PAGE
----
Tagged: twitter

IBM 0

December 3, 1981: Disbanding of IBM Data Processing Division

1981 – For many years, whenever something came out, it was “IBM’s Data Processing Division releases”… Well, on Dec 3rd 1981, IBM decided and announced that the Data Processing Division was going to be absorbed into the IBM National Accounts Division (NAD), and the National Marketing Division. The 2 divisions would then become part of the Information SystemsGroup. This would be effective January 1982. The Data Processing Division was launched in 1956. IBM DPD had launched many 370 mainframe systems, as well as the 7090 – which we talk about it’s release on Dec 3rd 1968. For more information, see IBM...

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Quicktime 0

December 2, 1991: Apple Quicktime

1991 – What was first a Multimedia add-on for System 6, Quicktime has spent 21 years being Apples’ proprietary player. The original version contained graphics, animation and Video codecs – What was refered to as “Road Pizza”. Since then Quicktime had developed on both Mac and Windows sides (starting in 1992). The current version is called Quicktime X but there are signs the technology is either moving a new direction or possibly retired. This Day in Tech History podcast show notes for December 2 [sc name=”patreon”] The Virginia Internet Policy Act AT&T pulls pay phones Digg.com was not for sale Podcast: Play in...

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Jeff Bezos 0

December 1, 2013: The Amazon Flying Drone Project

2013 – Jeff Bezos is interviewed on the show “60 Minutes” on CBS with Charlie Rose. During his interview he unveils a project Amazon has been working on – Flying drone delivery. This secret R&D project called “Octocopter” will have drones fly the packages from outposts in each city to the homes. In a project Amazon is calling “Prime Air”, they expect the delivery system to be available in the next 4-5 years. Charlie Rose’ reaction summed it up. “Oh, my God!”. 1999 – It was the most expensive internet domain name. Business.com was first bought in 1997 for $150,000 by...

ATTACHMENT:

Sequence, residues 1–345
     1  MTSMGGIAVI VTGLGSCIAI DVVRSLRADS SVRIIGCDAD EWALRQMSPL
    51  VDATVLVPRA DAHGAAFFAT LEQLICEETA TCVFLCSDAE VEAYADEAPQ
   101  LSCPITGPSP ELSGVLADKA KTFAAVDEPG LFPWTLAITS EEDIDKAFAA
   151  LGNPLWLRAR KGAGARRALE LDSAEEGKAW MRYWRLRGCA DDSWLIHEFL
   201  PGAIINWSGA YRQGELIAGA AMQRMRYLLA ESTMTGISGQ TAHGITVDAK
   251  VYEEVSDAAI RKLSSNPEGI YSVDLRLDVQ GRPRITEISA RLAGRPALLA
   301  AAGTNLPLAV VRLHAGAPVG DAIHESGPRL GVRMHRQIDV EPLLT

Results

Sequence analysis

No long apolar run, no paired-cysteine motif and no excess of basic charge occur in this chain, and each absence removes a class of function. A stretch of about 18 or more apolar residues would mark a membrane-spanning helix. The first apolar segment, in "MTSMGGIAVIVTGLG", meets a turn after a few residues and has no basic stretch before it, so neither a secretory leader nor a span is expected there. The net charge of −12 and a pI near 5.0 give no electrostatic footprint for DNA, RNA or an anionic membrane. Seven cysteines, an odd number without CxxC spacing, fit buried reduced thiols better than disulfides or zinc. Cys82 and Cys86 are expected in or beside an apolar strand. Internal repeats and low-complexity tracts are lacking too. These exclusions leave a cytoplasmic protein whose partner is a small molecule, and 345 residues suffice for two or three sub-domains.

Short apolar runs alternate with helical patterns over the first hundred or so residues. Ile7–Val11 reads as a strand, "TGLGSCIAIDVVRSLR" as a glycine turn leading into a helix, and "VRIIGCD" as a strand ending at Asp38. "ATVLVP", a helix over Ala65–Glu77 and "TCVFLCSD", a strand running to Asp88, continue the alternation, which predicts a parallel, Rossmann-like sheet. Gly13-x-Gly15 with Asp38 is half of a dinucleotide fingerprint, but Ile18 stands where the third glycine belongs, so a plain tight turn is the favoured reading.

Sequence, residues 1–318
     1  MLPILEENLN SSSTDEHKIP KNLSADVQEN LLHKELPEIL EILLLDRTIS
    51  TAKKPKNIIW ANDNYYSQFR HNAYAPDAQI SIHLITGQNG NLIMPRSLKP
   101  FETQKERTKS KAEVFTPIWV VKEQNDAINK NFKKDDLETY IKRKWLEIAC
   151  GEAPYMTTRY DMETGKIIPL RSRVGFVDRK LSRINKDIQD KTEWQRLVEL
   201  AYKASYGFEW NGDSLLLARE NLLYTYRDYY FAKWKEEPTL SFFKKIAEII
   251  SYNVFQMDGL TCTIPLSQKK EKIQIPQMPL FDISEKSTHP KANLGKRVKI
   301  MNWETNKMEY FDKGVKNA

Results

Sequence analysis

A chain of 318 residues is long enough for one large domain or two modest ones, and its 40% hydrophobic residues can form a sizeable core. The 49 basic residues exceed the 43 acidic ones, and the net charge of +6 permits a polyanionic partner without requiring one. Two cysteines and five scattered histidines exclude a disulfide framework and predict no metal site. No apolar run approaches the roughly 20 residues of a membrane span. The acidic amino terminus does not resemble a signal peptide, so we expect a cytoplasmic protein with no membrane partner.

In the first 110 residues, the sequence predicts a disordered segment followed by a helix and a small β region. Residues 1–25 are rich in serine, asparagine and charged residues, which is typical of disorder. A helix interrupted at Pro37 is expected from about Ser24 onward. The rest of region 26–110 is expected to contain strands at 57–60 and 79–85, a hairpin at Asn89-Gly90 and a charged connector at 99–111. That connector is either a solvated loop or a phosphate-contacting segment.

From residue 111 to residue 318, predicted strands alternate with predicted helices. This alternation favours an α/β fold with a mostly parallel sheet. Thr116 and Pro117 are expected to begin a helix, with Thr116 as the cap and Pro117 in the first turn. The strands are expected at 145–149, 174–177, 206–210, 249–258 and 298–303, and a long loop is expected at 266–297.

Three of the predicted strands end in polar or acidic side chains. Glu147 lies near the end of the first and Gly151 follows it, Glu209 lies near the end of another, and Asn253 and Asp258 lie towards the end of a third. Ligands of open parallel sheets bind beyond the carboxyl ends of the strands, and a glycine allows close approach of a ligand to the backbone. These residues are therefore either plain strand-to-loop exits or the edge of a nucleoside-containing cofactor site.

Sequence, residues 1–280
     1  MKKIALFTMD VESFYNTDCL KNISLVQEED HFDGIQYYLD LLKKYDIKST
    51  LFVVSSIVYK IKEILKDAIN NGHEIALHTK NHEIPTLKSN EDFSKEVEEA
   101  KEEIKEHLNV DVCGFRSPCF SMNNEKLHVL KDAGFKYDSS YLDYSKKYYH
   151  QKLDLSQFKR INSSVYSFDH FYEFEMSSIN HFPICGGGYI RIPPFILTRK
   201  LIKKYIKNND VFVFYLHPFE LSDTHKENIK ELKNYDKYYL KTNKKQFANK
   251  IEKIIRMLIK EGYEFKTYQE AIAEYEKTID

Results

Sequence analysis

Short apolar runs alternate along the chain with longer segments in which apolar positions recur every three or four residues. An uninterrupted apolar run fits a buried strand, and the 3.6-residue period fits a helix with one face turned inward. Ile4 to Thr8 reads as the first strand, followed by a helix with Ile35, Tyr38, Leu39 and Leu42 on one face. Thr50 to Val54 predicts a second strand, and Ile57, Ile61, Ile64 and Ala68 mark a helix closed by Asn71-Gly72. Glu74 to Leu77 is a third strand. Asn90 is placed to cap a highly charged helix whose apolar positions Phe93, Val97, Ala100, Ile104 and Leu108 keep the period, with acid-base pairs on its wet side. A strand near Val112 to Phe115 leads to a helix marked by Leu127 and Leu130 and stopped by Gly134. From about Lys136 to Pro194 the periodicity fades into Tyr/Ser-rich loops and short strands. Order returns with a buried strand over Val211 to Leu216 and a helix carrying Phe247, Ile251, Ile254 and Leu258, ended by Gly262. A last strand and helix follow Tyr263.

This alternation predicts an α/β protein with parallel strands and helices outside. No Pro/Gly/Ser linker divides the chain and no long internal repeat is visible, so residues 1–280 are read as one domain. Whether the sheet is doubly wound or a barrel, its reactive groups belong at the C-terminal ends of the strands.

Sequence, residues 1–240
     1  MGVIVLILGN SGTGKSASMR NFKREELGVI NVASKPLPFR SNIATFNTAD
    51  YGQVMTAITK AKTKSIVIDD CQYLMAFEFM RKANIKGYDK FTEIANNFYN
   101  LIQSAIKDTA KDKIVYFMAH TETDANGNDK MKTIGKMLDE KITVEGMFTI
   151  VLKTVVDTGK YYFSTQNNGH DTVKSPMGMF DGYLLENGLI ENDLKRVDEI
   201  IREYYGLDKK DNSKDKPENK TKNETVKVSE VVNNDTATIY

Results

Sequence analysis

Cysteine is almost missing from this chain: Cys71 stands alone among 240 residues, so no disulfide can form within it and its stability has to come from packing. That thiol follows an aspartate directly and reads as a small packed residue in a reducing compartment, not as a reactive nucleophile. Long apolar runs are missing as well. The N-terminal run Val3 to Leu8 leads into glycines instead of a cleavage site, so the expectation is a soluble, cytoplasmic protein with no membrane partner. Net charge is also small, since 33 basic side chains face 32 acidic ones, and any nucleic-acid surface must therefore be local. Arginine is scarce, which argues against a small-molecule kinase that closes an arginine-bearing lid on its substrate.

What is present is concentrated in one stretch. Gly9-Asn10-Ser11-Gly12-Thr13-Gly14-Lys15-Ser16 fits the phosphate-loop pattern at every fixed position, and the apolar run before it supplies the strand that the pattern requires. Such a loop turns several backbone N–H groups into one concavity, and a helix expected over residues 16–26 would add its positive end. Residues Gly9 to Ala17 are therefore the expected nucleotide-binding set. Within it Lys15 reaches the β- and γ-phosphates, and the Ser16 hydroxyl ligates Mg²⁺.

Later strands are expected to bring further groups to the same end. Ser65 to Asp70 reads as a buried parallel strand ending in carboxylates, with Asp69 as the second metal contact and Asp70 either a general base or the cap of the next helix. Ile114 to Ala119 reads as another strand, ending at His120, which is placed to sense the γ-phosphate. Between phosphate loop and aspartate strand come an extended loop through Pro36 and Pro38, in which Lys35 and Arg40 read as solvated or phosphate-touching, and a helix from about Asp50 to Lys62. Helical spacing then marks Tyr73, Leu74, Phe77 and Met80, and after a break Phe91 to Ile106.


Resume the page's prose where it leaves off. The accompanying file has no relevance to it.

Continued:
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IBM 7090 Mainframe 0

November 30, 1959: $2.9 Million IBM 7090 Mainframe

1959 – Want to see a 2.9 million dollar computer? That was the IBM 7090 – a transistorized mainframe computer that was designed for scientific research and tech applications. It replaced the 709 series, which used vacuum tubes. The first two were delivered – one of the 7090’s would be used for the Mercury and Gemini space missions. Check out more on the IBM 7090 This Day in Tech History podcast show notes for November 30 [sc name=”patreon”] The First Coaxial cable is installed Microsoft Vista is released to Volume licence customers Jeopardy contestant Ken Jennings loses. Podcast: Play in new...

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Pong 0

November 29, 1972: First Pong Machine

1972 – Andy Cappa’s tavern in CA was the site for the first Pong game was wheeled into the establishment. The coin-operated game was put in by Atari co-founder Nolan Bushnell and game designer Al Alcorn. The duo decided that making their own game – rather than having 3rd parties do it – would help keep costs down. They then turned an old Roller rink and converted to a production line. Pong was the first successful video game system. This Day in Tech History podcast show notes for November 25 [sc name=”patreon”] Microsoft is first mentioned in a letter from Bill Gates to...

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TRS-80-Model-2000 0

November 28, 1983: Tandy TRS-80 Model 2000

1983 – To counter IBM, Tandy releases the Tandy TRS-80 Model 2000 computer. It housed the 80186 processor and 128 KB of RAM. There were 2 – 720 KB floppy drives and the MS–DOS Operating System. The prices ranged from $2,750. For an additional fee you could get a Monochrome graphics card, optional color monitor and extra RAM. The Tandy 2000 was considerably faster than the IBM PC models. This Day in Tech History podcast show notes for November 25 [sc name=”patreon”] Sony releases the Playstation 2 in the US 33 year old man dies from Cell phone battery – except not...

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Sega Dreamcast 0

November 27, 1998: Sega Dreamcast Launched in Japan

1998 – Sega releases their next generation console – the Dreamcast – in Japan. It didn’t get released in the US until Sept 9 1999, but it was one of the more successful console launches of it’s time.The Dreamcast had a 200 MHz processor with on-die 128-bit vector graphics engine. The graphics hardware is a PowerVR2 CLX2 chipset, sound was a Yamaha AICA Sound Processor and 16 MB 100 MHz RAM. The Dreamcast was discontinued on Jan 31, 2001 as Sega announced they were getting out of the console market. This Day in Tech History podcast show notes for November 27 [sc name=”patreon”] Google Maps Terrain View...

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Jukebox 0

November 23, 1889: First Commercial Jukebox

1889 – Congratulations to the first commercial jukebox which was installed in San Francisco, CA. It was called the “Nickel-in-the-Slot”, and played wax cylinder records. Within 6 months it would earn $1,000. The word “Juke” – by the way – means ‘disorderly house’ – therefore this is a disorderly box of music.Put another  nickel in – in the Nickelodean – All I want is having you – and Music, music, music. This Day in Tech History podcast show notes for November 23 [sc name=”patreon”] Dr. Who first airs on the BBC in 1963 Nintendo releases the Gameboy color Security hole in...

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